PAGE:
By Jack McLaughlin
Arts & Feature Editor
The Center for Inclusive Excellence (CIE) provides a welcoming area on campus that offers students a place with valuable resources.
Students and faculty gathered at the CIE for a welcome reception in O’Connor Hall Sept. 12.
The reception began with a game of bingo for attendees to mingle and get to know each other. The game allowed participants to ask each other questions about themselves to fill the bingo card.
After three winners were selected, Director of the Center for Inclusive Excellence Jerome Burke spoke about the importance of finding things that unite people when there is so much in our society that causes division.
Burke asked the attendees, “What are the things that unite us? What are the threads that weave us together in a beautiful fabric?”
He then went on to describe that the overall purpose of the CIE is to “provide a secure and welcoming space for marginalized groups in our campus community.”
Burke said the CIE is committed to hosting events involving art, music, and educational tools to provide an understanding for different cultures and create a welcoming environment.
Burke said he sees “not only students who are searching for a sense of belonging, but also staff and faculty members who all are committed to ensuring that all of our students find what they’re looking for.”
Another game began centering around the questions of knowing what the acronyms DEI, BIPOC, and LGBTQIA stand for.
After this game, Burke invited Program Coordinator Emma Laurie to speak to the attendees more about the CIE and events that are upcoming.
Laurie explained the CIE was created as part of the University’s commitment to anti-racism, diversity, and inclusion.
She also explained how the CIE offers workshops and training that work toward building a “more equitable and just society.”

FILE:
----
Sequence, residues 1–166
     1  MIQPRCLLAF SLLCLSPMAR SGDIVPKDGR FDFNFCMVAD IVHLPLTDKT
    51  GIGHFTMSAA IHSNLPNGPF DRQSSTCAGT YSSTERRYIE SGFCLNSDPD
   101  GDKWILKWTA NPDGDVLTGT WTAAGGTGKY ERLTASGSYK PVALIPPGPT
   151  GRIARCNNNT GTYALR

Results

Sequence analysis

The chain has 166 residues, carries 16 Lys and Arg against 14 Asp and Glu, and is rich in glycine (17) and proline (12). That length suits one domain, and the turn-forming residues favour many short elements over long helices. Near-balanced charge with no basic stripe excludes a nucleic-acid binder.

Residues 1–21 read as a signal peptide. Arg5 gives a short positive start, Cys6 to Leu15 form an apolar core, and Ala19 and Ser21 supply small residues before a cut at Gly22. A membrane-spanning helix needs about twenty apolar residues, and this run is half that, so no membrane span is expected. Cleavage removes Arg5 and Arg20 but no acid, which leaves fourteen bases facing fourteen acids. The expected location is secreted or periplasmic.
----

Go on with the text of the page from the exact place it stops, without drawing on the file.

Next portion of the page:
Laurie added the CIE helps to advise affinity groups on campus such as the Black Student Union, Pride Alliance, and ASL Club.
The CIE will also offer a series of different events for Hispanic Heritage Month, which includes 12-foot dolls being placed around campus from different countries for students to learn more about their countries of origin, Laurie said.
After Laurie spoke, Burke introduced FSUPD Chief Joseph Cecchi to speak to the attendees.
Cecchi explained FSUPD has a goal to build relationships on campus, and he hopes to do that by being an active member at student events.
“We’re here to support you. We’re here to be here for you. I just want to make this a safe campus,” Cecchi said.
Burke recounted the start of his role as CIE director. He explained how at the beginning of his time at FSU, his office space needed to be shared with the staff of CASA whose office was undergoing renovations over the summer.
He said he used this chance for “the opportunity to ask questions to learn those things that you are concerned about. Don’t just be by yourself.”
This story led to Burke introducing LaDonna Bridges, director of CASA, to speak about their experience with the CIE during this summer.
CASA staff needed to share the office space with the CIE staff from May to June, and during that time a strong relationship grew as a result of the temporary arrangement.
“We had the best time being officemates with Jerome and Emma,” Bridges happily told attendees.
Bridges talked about how their strong relationship with the CIE allowed them to discuss ideas about engaging with first-generation college students.
“We think it was the start of a beautiful collaboration that we really hope to have with the CIE,” Bridges said.
The event concluded with a final game, with attendees passing a ball around with questions about diversity and inclusion which allowed for those reading the questions to share their thoughts on these ideas.
“Welcome to the Center for Inclusive Excellence … where all are seen, supported and valued,” Burke said.